Urlacher did help lead the Bears to a Super Bowl in 2006, but didn't have the ending he desired. Other promising seasons for Chicago were often short-circuited by quarterback play, but the defense was the main reason those teams were even competitive. Urlacher was the prototypical Tampa 2 linebacker in his era, and Lovie Smith's defenses were often among the best at forcing takeaways. Urlacher finished with 22 interceptions and 41.5 sacks in 182 games. He is with Lewis on the first team for the 2000s All-Decade Team, but will voters put him on the same stage as Lewis next year?

Urlacher may always pale in comparison to Lewis, Butkus, and Singletary, but that doesn't mean he still won't be joining them eternally in the Pro Football Hall of Fame one day.

Randy Moss: The Freak

I wrote a special article on the case for Randy Moss yesterday, so please read that if you haven't. Moss is an obvious first-ballot Hall of Famer at a position where players have been forced to wait for induction unless they are named Jerry Rice. When I polled fans on Twitter the other night about the best wide receiver not named Rice, Moss shockingly pulled in almost three-quarters of the vote.

Moss would be my answer as well, but I expected more fanfare for other players, including Terrell Owens. There is no denying that the two are going to be discussed heavily this year and could take votes away from each other. Owens may even have an edge if only because this is going to be his third ballot and he was a finalist the last two years. The voters tend to lean on seniority here, or a "first in, first out" queuing system.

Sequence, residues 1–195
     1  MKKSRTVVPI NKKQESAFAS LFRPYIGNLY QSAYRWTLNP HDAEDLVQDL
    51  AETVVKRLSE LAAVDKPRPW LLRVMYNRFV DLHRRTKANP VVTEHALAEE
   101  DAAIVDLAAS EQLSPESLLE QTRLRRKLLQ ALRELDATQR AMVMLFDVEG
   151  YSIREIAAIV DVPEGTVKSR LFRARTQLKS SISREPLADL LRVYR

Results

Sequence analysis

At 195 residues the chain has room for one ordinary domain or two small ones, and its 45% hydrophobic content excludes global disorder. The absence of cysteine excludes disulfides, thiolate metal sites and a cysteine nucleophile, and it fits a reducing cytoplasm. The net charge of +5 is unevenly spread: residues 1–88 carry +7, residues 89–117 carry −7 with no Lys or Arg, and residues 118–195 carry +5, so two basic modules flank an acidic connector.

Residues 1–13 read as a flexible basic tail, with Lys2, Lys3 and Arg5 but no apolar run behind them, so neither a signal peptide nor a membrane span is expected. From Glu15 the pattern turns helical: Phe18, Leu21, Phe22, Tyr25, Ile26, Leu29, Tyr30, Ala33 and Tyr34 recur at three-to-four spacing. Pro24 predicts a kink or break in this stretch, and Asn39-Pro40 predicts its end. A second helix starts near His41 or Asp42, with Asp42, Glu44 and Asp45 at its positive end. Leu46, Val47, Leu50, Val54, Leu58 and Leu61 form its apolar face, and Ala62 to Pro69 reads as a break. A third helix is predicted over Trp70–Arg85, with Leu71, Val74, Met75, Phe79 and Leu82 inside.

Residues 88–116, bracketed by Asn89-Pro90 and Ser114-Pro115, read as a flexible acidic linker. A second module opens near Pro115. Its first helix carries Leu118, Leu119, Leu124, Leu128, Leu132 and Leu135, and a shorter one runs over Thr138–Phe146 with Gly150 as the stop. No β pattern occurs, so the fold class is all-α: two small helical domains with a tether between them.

Marvin Harrison went in last year on his third ballot. Harrison, Moss, and Owens were the dominant trio of wide receivers in their era. I gathered our advanced metrics on each of them to see what impact they had on their team's passing efficiency.

To help understand the tables, which are a tad different than what was shown in the Moss article, here is an explanation of each column. "Team Pass DYAR" is the sum of each receiver's quarterbacks' DYAR with sacks and aborted snaps excluded. "Moss DYAR" is the passing DYAR earned only on targets to Moss. The "Randy Ratio" is the percentage of the team's passing DYAR that Moss accounted for that season. "Passes" is how many targets Moss had, which includes defensive pass interference penalties. "Moss DVOA" is the passing DVOA of quarterbacks on throws to Moss. "Team Pass DVOA+" is the offense's passing DVOA with sacks and aborted snaps excluded. "Team Pass DVOA-" is the offense's passing DVOA on throws to all other players, with sacks and aborted snaps excluded. "DIFF" is the difference between those two DVOA columns, or how much the receiver raised or decreased his team's passing DVOA for the season. This way volume and efficiency are being accounted for. That "DIFF" column is then summed for the player's career. For the 2010 data, we only used the weeks in which Moss was a member of his three teams.

Randy Moss: Team Passing DYAR and DVOA Breakdown
Year Team Team
Moss DYAR Randy Ratio Passes Moss DVOA Team
Pass DVOA+
Pass DVOA-
1998 MIN 2,211 806 36.5% 128 85.6% 53.0% 42.6% 10.4%
1999 MIN 2,020 689 34.1% 142 71.0% 49.8% 42.1% 7.7%
2000 MIN 1,895 904 47.7% 128 96.2% 48.6% 31.4% 17.2%
2001 MIN 1,199 498 41.6% 159 38.2% 22.6% 16.4% 6.2%